From The Archives : Pende Masquerade


Pende Masquerade at LufushiPhotograph by Leon de Sousbeghe 1957

EEPA 1999-100042
Eliot Elisofon Photographic Archives
National Museum of African Art
Smithsonian Institution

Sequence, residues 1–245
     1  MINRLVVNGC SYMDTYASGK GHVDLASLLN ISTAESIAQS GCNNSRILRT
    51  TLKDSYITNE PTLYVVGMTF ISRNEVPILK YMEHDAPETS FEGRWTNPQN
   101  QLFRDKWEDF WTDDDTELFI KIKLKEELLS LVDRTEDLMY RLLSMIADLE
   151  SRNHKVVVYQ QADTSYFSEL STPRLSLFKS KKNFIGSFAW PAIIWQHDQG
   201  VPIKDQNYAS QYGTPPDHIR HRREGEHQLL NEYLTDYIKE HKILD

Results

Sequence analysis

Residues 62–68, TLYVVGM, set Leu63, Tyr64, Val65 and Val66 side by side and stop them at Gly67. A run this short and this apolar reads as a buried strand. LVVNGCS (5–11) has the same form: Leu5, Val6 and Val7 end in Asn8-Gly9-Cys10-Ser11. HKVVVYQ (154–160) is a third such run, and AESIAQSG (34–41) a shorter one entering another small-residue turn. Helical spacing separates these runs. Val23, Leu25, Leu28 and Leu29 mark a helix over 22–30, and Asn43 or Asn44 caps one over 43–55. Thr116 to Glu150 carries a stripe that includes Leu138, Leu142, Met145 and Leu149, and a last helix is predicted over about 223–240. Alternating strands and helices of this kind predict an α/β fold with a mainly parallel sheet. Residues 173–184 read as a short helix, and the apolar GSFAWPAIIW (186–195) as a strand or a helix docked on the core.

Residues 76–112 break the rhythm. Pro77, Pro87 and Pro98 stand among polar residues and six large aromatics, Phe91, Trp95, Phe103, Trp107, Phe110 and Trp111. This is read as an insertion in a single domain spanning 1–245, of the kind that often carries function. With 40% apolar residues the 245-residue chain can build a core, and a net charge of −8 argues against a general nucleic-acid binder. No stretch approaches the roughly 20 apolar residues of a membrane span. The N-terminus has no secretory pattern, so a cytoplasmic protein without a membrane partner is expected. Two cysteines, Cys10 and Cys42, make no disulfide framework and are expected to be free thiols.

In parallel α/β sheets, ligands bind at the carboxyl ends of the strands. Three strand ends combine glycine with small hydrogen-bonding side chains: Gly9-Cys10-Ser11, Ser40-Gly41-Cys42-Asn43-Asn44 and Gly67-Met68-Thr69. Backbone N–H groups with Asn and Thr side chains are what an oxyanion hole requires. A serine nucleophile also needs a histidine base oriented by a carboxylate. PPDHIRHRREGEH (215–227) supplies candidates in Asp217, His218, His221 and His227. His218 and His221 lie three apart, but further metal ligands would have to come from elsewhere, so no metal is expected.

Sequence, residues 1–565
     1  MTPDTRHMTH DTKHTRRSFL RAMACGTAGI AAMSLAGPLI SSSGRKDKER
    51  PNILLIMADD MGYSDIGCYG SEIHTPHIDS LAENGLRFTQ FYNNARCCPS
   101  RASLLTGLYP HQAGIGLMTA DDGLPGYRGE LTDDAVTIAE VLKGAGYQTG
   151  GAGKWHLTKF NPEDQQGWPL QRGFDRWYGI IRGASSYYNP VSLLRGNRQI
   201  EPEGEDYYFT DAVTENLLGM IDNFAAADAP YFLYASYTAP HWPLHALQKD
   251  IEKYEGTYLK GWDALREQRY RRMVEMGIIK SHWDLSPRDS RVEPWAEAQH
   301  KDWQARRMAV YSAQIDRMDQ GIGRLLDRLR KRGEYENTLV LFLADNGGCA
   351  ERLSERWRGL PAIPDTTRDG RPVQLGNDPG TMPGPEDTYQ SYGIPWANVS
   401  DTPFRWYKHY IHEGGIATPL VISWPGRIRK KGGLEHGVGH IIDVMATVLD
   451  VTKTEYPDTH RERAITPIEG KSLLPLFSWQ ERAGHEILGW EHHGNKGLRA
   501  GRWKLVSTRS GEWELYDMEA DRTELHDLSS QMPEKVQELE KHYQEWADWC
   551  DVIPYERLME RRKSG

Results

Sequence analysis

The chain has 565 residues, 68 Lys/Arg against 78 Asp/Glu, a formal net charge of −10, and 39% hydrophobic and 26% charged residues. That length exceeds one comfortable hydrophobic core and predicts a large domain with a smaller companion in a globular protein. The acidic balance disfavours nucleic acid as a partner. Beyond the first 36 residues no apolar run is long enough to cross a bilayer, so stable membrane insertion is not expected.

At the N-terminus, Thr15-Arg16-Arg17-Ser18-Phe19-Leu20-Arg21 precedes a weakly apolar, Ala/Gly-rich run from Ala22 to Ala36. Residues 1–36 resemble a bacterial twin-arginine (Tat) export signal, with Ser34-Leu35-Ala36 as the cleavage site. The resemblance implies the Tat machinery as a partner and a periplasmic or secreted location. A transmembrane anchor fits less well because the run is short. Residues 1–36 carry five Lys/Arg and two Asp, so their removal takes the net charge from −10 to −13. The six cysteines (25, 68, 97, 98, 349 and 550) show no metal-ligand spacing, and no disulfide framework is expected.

Leon de Sousberghe, a Belgian ethnologist and Jesuit, took this photograph of  a Pende Giwoyo and two Tundu masks used in the Democratic Republic of the Congo. The Tundu masks represent Pende ideas of the anti-aesthetic and were intended to encourage social obedience. Giwoyo masks, by contrast, are among the most longstanding types of masks still used by Pende performers and are used to usher the spirits of the deceased out of villages. Giwoyo thus always performs in the transitional area between a community and the surrounding wilderness — a zone considered to tie the land of the living with that of the dead. For many Pende, the seemingly endless underground has served as a powerful metaphor for spiritual realms. The Pende mask shown here, of which there is a related example in the Earth Matters exhibition, displays the connectedness of the underground to the living world. Worn like a cap on the top of the head, the mask evokes a face and body floating horizontally above its dancer. The mask is designed to suggest a corpse wrapped in its funerary shroud, the alternating black and white stripes suggesting the journey between the land of the living and the underground

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